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The documentary follows Bill Maher as he travels around the globe interviewing people about God and religion. Known for his astute analytical skills, irreverent wit and commitment to never pulling a punch, Maher brings his characteristic honesty to an unusual spiritual journey.
Bill Maher incurs the wrath of multiple religious zealots of myriad faiths in Religulous, a snarky but unexpectedly powerful documentary. Maher bluntly disputes the value of religion in a world made increasingly dangerous, on the one hand, by fanaticism of all kinds and the human race's environmental self-destructiveness on the other. No one is immune from Maher's dogged questions about the illogic and negative fallout of doctrines that advocate violence or shun scientific evidence or marginalize minorities or punish anyone who disagrees with any religion's extreme tenets. Maher takes his inquiries to the Vatican; to small, evangelical Christian churches; to Jerusalem; to Amsterdam (where elements of an increasingly vocal Muslim community have shown violence toward critics); to a large, African-American church in a big city; and to several bizarre theme parks celebrating creationism and the life of Jesus. Wherever he goes, Maher seeks to demonstrate that many of the world's major religions are rife with hypocrisy, completely self-referential, and destructive to the collective good. The fast-moving, globe-trotting film is full of highlights, including a great scene where Maher, in disguise, argues for the core beliefs of Scientology to a bemused crowd at Speaker's Corner in London's Hyde Park. There's also a wonderful moment where Maher, just having been thrown out of the Vatican, gets a terrific interview with a maverick priest. Raised Catholic but in reality half-Jewish, Maher also spends time with his mother and sister trying to reconcile the role of religion in his childhood. Everything is really leading toward Maher's major point that atheists and agnostics are in a sizable minority but are afraid to speak out in these days of zealotry. If that minority stays in the background, Maher says, we may very well be heading toward catastrophe. --Tom Keogh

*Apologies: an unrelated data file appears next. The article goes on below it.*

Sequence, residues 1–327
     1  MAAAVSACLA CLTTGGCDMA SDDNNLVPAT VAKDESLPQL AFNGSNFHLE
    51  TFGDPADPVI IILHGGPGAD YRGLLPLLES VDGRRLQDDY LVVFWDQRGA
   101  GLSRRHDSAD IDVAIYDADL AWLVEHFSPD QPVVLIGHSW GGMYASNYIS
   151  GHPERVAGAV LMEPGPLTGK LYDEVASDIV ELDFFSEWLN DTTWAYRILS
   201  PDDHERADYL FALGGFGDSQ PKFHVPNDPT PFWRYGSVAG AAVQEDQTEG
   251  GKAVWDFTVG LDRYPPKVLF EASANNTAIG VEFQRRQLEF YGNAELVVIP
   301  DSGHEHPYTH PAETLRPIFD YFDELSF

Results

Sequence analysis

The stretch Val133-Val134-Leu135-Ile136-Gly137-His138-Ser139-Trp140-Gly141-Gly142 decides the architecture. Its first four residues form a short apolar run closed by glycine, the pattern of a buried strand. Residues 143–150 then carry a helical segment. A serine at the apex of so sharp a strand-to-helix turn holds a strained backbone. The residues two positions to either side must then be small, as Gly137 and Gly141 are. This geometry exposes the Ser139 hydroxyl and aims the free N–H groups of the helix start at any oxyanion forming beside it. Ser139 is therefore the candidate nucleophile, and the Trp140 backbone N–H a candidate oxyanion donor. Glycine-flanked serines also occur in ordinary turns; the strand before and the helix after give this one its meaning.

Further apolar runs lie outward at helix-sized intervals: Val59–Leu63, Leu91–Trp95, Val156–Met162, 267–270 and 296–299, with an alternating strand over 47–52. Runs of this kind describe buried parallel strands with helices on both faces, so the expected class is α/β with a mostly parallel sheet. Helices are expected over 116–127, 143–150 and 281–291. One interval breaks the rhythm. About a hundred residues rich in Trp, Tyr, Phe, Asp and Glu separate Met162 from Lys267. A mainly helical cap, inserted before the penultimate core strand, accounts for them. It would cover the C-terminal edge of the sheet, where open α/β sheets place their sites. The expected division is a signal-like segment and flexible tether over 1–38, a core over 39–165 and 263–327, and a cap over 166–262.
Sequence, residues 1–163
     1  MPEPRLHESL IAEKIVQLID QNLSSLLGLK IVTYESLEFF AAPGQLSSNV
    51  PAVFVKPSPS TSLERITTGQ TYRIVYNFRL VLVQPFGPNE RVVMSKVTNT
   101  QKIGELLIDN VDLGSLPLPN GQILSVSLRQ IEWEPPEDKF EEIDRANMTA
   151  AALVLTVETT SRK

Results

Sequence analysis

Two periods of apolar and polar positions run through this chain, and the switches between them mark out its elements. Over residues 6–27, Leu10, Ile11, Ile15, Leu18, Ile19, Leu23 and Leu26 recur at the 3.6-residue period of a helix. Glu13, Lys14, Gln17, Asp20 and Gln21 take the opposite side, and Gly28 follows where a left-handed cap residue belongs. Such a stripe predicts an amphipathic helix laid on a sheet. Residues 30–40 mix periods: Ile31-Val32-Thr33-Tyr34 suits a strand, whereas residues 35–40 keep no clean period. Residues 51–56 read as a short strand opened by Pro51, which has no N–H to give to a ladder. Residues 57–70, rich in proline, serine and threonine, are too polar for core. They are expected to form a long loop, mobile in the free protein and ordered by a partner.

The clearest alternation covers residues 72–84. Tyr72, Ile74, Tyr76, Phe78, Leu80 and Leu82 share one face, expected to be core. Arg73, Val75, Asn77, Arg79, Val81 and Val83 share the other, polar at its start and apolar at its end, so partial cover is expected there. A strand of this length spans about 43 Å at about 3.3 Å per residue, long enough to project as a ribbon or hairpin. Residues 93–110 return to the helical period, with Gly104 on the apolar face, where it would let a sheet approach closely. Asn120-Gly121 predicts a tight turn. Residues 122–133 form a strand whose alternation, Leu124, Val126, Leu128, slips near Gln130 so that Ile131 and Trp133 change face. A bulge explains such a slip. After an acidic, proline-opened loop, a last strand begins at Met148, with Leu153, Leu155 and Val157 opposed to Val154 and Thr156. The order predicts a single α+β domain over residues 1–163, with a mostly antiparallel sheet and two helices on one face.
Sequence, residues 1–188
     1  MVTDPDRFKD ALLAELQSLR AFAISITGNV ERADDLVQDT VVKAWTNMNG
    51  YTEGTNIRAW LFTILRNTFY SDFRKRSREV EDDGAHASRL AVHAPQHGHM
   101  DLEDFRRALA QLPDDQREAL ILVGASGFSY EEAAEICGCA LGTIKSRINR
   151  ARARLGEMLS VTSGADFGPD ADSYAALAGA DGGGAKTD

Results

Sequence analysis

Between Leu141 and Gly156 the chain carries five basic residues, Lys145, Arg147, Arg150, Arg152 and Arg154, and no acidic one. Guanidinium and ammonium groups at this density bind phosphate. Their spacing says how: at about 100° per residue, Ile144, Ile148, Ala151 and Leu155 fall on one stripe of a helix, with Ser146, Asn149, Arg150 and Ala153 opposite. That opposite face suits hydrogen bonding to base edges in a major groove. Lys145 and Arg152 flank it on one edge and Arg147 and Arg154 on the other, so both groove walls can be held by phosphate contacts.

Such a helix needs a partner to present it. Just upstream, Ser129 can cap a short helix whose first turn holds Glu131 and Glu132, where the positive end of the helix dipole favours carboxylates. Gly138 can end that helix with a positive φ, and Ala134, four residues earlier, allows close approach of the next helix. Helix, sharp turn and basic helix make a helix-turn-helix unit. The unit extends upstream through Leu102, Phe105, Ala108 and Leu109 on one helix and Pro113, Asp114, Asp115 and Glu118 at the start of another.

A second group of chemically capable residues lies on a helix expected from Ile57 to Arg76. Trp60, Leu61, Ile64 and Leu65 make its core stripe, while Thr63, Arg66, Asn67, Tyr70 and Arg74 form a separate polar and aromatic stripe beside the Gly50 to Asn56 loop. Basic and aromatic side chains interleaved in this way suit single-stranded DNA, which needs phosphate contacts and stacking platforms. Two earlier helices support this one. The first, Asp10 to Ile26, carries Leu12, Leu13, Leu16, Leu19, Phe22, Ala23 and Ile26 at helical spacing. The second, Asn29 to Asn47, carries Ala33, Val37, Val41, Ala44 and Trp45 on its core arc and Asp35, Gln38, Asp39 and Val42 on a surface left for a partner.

Beyond Religulous on DVD
Religulous the soundtrack
New Rules: Polite Musings from a Timid Observer the book
Stills from Religulous (click for larger image)
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The documentary is filled with mini interviews with Bill jabbing and laughing.
The comedian preaches the doctrine of I don’t know and the other guys are selling certainty.
During the construction of a museum, he interviewed the boss, and later was thrown out at least two places
But, someone told Bill, “You have the right to live and die with your stupid ideas.”
Later he preached weird stuff at Times Square to an audience, until someone took his balloon hat away.
After being treated to stuff, Maher summed it up:
Religion must die that man might live. Faith means making decisions without reason. Religions are dangerous because they allow people who do not have the answers to think that they do. Doubt is humble and that is what man needs to be. Rational people must assert themselves. Grow up, or die.
I love how Bill Maher is just like thinking in his head "seriously people, that's your argument?"